Top 5 Sri Lanka experiences with kids

Sri Lanka is often associated with romantic honeymoons or rugged backpacking adventures, however as it grows in popularity the island nation is increasing in facilities and activities for travelling families. It’s unique landscape, colourful history and cultural charm provides a number of unique experiences the whole family will be recalling for years. Here are my top five unique Sri Lanka experiences with kids …

Fly a kite on Galle Face Green

While in Colombo head to the city’s playground by the sea in the heart of the CBD at dusk. Take plenty of small change with you and purchase one of the vibrant kites from the many vendors selling a curious array of all manner of brightly coloured inflatables. The kids will love watching their caricature kites sail across the pastel skies over the Indian Ocean, alongside hundreds of others. As the sun goes down take stroll along the promenade and enjoy the piping hot street food on offer and a cool freshly squeezed juice to cool down the little ones after the dizzying excitement of kite flight.

Galle Face Green in Colombo

Watch the cliff divers at the Galle Fort
This recommendation comes with a warning kids – don’t try this one at home! Early evening on the lighthouse side of the ramparts is where heritage meets adrenalin. From about 4pm you start to see a crowd gathering around a handful of Bob Marley look-a-likes with only neon board shorts for protection. The guys get the crowd and youngsters excited with photos and tales of their past leaps of faith off the historic Dutch ramparts and into the shallow waters below. After a pass-around of the donation bucket, they are ready. Take a deep breath and hold on to your heart (and kids!) as these thrill seekers take a short run up and graciously throw themselves into the roaring Indian Ocean, reappearing drenched and gleaming from ear to ear. This is a unique experience for the holiday journal and one they’ll be sharing with all their friends back at school.

Boogie board and surfing lessons in Weligama

About forty-five minutes south of Galle is the increasingly popular ‘sandy village’ of Weligama, a picturesque bay dotted with colourful fishing boats at one end and novice surfers at the other. The wide expanse and tame waves of Weligama Bay make this an ideal spot for children to get their first taste of surfing and boogie boarding. There is no shortage of surf shacks to hire a board by the hour or book in a lesson with an instructor who will almost guarantee them to ride their first wave. The bay is a beautiful spot but with limited shade so be sure to slap on plenty of sunscreen. All those waves make for hungry surfers so grab the nearest tuk tuk and head to nearby Koggala or further down the coast to Mirissa for a better selection of child-friendly menus.

Fishing boats in Weligama

Take a scenic rail journey

Kids and windy roads don’t go well together so avoid the hassle and save them the pain by taking a scenic train ride through the hill country. Board the observation carriage on the Podi Menike in Peradeniya after a night in Kandy or nearby tea destinations and enjoy the rickety climb through the highlands on this iconic train. Children and parents alike are left breathless by the stunning views across tea plantations and the thrill of sheer drops as the train makes it way to Badulla over steep cliffs and narrow bridges. Keep young travellers entertained with a session of wildlife or station spotting and partake in a traditional game of echo play where passengers sing into the long tunnels as the train meanders through them. Sweet treats and spicy snacks are available to purchase from mobile vendors who hop on and off between stations but it’s worth taking along a packed lunch for the fussier eaters. No doubt once you reach the cooler climbs of your highland destination the kids will enjoy the respite from the heat and a full night’s sleep after such an unforgettable adventure.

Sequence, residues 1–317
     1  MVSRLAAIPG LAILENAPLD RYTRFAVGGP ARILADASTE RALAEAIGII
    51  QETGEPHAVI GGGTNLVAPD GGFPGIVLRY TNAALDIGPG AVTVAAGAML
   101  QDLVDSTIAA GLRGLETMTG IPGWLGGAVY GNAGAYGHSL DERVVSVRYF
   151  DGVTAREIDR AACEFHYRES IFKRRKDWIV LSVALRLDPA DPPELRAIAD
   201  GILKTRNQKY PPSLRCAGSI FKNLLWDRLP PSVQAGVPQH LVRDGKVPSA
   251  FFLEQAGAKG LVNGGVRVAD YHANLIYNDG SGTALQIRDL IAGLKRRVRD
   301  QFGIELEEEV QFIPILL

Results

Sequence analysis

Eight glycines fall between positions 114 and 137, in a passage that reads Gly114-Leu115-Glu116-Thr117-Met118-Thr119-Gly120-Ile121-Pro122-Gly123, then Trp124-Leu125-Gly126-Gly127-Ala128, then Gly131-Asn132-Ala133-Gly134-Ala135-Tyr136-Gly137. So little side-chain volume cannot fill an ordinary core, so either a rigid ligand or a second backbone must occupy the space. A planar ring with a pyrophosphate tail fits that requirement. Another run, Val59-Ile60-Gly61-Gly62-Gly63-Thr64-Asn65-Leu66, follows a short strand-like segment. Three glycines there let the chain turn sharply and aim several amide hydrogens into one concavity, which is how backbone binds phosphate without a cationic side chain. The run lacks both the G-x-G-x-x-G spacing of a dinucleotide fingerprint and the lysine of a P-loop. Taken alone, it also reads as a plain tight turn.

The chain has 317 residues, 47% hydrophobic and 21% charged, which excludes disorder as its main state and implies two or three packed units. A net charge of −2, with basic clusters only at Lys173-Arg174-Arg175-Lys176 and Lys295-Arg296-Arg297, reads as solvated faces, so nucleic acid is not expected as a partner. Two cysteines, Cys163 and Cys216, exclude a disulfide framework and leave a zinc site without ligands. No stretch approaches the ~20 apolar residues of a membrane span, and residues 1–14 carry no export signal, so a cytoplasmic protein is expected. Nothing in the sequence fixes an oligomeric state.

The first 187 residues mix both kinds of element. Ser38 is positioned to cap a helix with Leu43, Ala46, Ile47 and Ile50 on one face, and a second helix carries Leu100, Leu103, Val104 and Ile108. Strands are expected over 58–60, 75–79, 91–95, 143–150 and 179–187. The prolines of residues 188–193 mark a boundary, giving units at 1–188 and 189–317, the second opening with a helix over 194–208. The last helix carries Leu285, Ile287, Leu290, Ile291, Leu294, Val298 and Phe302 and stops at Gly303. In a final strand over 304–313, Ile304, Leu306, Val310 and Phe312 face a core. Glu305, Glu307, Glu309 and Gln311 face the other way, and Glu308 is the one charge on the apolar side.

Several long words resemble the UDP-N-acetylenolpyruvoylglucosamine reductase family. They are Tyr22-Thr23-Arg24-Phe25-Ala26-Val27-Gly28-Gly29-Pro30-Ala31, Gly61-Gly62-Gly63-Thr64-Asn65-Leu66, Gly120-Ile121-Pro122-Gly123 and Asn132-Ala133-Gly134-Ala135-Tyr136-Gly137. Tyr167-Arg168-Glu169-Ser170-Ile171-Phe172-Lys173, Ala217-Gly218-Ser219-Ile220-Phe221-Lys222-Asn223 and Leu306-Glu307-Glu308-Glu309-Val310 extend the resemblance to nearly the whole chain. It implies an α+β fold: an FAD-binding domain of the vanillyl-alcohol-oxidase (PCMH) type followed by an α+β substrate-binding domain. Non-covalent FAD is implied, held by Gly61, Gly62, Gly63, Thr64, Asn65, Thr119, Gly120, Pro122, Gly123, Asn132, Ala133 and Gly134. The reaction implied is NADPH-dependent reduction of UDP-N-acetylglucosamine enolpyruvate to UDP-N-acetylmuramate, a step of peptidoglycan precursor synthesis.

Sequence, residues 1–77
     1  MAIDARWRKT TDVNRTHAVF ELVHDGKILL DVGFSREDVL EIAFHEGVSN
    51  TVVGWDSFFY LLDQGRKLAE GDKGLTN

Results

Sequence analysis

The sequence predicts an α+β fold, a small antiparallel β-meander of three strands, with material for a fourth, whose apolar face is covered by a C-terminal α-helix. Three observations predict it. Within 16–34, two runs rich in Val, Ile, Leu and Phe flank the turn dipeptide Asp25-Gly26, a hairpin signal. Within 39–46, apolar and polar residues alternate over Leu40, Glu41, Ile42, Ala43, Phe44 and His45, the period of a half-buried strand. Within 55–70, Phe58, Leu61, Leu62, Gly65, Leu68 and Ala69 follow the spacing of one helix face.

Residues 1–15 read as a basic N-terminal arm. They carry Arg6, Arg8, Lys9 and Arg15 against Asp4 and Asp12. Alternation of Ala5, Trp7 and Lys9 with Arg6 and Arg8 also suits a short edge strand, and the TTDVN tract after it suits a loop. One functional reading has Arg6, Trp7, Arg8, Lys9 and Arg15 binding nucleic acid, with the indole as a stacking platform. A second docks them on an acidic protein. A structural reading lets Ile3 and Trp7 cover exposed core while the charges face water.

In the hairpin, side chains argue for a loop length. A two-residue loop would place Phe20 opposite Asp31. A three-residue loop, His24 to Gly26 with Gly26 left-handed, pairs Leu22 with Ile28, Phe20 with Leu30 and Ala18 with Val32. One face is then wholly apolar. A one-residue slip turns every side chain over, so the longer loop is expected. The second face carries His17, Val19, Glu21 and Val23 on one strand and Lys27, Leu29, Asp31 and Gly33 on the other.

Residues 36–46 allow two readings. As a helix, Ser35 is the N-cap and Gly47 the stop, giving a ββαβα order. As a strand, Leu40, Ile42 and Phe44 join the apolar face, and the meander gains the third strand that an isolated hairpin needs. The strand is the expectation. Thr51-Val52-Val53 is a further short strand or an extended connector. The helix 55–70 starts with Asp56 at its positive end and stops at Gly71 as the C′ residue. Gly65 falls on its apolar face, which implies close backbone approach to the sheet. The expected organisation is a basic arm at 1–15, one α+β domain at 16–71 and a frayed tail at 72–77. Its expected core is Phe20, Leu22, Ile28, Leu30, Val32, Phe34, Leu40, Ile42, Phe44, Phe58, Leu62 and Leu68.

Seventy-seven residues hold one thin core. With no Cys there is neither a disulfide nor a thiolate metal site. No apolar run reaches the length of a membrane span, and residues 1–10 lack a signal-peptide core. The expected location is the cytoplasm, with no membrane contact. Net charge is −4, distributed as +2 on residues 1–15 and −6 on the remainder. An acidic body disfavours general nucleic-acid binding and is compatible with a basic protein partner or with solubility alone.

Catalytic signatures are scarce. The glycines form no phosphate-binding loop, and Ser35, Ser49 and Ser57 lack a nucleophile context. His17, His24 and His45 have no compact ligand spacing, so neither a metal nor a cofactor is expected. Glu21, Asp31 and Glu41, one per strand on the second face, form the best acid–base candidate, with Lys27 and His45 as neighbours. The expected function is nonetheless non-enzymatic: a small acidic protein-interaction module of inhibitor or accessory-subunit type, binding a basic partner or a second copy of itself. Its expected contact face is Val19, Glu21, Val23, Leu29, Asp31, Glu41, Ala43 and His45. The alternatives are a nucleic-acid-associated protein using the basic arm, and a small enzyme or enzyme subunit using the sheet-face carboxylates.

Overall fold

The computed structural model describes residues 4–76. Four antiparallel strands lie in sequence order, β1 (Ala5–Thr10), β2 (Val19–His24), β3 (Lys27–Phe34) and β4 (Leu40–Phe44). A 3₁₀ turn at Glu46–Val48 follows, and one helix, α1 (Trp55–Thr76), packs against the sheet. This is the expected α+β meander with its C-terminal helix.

Tea plantations from the train

Wildlife encounters

Despite its small size, Sri Lanka is one of the most biologically diverse countries in Asia. This small island offers a unique and varied spectrum of native flora, birdlife, wildlife and its most enticing drawcard – Sri Lanka’s own ‘Big Five’ – elephants, leopard, sloth bear, sperm whale and blue whale. There is no better classroom than an immersive one where keen youngsters can hear and see (no touching!) wildlife in their own environment. There are a few ‘cowboy’ safari and whale watching outfits that have setup due the booming tourist numbers so be sure to do your research and use only tourist board accredited or travel agent recommended providers that will provide a comfortable, educational experience with a trekker/ spotter who can answer children’s inquisitive queries.

If your itinerary takes you along the South coast include whale watching in Mirissa (ideally between December – March) with a safari in Yala National Park for a chance to see leopard alongside elephants and sloth bear or to Uda Walawe National Park for a less crowded encounter with elephants and chance leopard sighting. Should you be on the West of the island particularly between November and April, your itinerary should include Kalpitiya for whale and dolphin watching along with Wilpattu National Park to see elephants and hopefully the illusive leopard and sloth bear.

These up close and personal encounters are sure to be ones they will never forget.

Elephant encounter in Yala

Harshi Hewage is the Marketing Manager at Manor House Concepts.

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Comments (1)

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  1. John says:

    I enjoyed this post but was a little surprised to hear Sri Lanka described as being small. As it is around the same size as Wales for us from small countries it would be considered normal size!

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